Losing your sense of reality

What is the cost of pursuing a dream?

to pursue a dream you must be willing to sacrifice a few aspects in your life.

Whether that is a person or money or your dignity, hardly anything comes free. Of course, everyone wants to get to the top and along the way some people start to become misguided, having a difficult time grasping what is real and what is just not meant for them. Losing your sense of reality is a cost of pursuing a dream.


Losing a sense of reality can happen quite often when it comes to financial issues.

For example, Bernard Mandoff created a ponzi scheme, where he took investors money, over 50 billion dollars, claimed to invest it but he was really just using it on himself. He lost what was truly his reality and made up this whole fake lifestyle that ended up with him sentenced to 150 years in prison where he constantly asks himself, "How could I have done this? Am I flawed character?". After doing some research it was apparent that Goldman, Sachs also created a little fake reality of their own. "However, rarely, if ever, in history has an enterprise grown as the Gold- man Sachs Trading Corporation and its offspring grew in the months ahead." (In Goldman, Sachs We Trust 234). Millions trusted them with their money and when they unexpectedly failed, it was time to face their ACTUAL reality. Also In the movie, Inside Job, Andrew Sheng asks, "Why should a financial engineer be paid four times to 100 times more than a real engineer? A real engineer build bridges. A financial engineer build dreams. And, you know, when those dreams turn out to be nightmares, other people pay for it." These financial businesses created a false reality for the world to believe that they are who they say they are. They make people believe a certain reality and they lose their own sense of reality in order to keep pursuing their own selfish dream to become the best.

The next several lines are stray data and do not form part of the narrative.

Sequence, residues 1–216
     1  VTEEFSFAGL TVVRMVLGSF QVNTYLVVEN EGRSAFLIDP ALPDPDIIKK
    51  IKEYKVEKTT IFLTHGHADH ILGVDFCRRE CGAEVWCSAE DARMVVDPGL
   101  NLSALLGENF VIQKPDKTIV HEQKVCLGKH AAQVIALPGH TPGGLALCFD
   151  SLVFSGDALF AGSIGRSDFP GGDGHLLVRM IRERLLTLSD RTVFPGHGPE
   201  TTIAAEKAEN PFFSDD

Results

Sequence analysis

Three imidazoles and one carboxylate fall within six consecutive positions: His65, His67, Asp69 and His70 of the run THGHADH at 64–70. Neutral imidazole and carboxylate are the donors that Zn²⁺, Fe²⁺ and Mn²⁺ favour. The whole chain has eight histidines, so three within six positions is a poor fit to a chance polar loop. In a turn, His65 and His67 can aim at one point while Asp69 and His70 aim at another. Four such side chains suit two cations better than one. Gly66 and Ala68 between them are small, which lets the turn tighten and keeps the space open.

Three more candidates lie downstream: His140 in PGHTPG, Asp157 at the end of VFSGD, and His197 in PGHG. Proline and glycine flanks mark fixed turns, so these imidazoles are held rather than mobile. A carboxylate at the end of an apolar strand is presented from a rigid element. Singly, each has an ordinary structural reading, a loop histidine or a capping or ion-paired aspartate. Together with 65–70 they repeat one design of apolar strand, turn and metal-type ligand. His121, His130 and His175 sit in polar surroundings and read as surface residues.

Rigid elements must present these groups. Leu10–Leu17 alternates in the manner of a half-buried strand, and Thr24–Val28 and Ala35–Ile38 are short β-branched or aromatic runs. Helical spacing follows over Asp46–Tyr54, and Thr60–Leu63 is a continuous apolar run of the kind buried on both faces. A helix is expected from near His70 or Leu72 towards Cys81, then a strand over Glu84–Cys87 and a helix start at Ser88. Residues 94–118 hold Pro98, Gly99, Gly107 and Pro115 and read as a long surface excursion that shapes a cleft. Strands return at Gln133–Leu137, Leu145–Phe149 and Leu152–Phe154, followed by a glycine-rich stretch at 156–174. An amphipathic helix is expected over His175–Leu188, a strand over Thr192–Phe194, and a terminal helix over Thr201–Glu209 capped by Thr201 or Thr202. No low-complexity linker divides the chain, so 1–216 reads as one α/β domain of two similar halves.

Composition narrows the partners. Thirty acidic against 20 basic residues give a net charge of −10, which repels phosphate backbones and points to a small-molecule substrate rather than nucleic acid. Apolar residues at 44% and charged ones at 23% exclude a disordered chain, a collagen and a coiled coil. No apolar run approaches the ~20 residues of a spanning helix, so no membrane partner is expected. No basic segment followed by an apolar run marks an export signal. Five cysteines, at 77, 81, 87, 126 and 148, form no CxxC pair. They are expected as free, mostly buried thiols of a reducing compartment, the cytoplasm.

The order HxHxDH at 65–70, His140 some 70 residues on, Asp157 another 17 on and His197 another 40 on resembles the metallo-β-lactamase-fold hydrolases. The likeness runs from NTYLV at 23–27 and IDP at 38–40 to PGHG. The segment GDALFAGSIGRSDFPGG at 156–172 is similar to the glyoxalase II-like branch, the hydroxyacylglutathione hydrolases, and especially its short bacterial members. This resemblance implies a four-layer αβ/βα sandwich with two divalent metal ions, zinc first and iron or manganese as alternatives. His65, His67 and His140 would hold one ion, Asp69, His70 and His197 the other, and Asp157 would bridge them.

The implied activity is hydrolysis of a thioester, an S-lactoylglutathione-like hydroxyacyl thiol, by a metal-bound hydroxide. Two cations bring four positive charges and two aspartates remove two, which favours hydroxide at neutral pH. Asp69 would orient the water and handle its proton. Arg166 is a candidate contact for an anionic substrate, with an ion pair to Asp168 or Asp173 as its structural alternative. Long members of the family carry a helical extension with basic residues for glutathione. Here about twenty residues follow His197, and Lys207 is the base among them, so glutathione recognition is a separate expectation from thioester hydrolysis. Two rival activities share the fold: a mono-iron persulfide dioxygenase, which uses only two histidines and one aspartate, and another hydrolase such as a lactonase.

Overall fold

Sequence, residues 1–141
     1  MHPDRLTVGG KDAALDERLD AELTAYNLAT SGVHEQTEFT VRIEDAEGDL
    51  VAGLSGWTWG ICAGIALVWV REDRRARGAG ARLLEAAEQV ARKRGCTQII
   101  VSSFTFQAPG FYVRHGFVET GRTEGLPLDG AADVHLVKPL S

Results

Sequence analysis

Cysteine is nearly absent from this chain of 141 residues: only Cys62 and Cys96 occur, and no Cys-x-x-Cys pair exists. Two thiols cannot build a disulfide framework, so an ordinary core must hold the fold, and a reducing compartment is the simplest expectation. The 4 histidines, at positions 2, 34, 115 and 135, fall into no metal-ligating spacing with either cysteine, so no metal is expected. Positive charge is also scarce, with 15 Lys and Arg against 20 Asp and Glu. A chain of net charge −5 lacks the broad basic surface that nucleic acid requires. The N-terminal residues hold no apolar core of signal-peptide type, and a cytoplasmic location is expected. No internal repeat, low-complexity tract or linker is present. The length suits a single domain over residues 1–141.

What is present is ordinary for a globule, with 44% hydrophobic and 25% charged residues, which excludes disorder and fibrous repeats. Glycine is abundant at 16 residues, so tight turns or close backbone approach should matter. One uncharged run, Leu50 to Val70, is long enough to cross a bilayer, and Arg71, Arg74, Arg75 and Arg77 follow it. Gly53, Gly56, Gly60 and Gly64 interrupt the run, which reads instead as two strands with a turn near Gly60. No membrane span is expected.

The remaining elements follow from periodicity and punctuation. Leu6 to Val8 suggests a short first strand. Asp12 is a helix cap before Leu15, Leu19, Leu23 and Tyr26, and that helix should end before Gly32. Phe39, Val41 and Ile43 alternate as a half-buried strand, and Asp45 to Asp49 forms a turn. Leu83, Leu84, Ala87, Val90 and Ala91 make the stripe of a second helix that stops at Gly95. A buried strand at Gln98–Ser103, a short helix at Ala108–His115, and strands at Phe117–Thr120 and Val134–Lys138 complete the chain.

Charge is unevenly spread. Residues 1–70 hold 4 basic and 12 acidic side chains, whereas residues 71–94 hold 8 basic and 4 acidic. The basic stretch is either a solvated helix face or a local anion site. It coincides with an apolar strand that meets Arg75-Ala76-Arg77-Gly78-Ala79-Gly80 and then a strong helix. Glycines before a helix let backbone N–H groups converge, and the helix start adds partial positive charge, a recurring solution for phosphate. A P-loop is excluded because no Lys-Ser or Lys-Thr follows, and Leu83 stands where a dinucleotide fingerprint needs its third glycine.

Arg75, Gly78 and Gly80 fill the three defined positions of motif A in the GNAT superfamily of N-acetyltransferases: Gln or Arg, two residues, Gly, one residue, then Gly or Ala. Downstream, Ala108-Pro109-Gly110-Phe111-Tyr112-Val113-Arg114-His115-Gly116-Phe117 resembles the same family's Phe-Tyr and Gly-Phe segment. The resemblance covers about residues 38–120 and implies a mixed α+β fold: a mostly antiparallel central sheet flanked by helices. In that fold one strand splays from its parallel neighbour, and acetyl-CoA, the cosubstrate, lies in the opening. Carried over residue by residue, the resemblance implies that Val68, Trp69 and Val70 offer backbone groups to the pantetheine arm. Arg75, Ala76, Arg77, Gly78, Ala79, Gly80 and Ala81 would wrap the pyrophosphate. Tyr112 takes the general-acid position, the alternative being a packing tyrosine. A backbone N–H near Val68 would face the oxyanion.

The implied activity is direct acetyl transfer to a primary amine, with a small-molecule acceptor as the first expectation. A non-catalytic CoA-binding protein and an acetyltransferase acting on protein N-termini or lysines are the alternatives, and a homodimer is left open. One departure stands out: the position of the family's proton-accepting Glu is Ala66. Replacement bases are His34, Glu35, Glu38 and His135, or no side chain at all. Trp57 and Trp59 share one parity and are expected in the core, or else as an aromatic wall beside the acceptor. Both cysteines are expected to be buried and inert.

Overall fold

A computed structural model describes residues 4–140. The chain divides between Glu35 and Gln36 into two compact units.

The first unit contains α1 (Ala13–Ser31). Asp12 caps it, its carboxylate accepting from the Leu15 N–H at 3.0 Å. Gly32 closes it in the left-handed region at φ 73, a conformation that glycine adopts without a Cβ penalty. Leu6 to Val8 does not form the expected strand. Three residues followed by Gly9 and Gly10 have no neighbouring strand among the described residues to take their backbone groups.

"Reality is that which when you stop believing in it, It doesn't go away"- Philip K. Dick, Valis

In other cases, some people think they are more worthy than they actually are.

Historically, Adolf Hitler is a prime example. He "created a national culture that claimed the individual came second to the country". In order to satisfy political goals he started world war 2 and took on country after country, which resulted in taking on countries that were too powerful and he was ultimately defeated and conquered. In "The Great Gatsby" Jay Gatsby also had a hard time grasping the concept of reality. "He wouldn‘t consider it. He couldn‘t possibly leave Daisy until he knew what she was going to do. He was clutching at some last hope and I couldn‘t bear to shake him free" (Fitzgerald 148). Both of these men had seemed to rise almost completely to the top. But in pursuing that dream, they had realized, once it was too late, that they had lost sense of what was truly meant for them and that was harsh reality.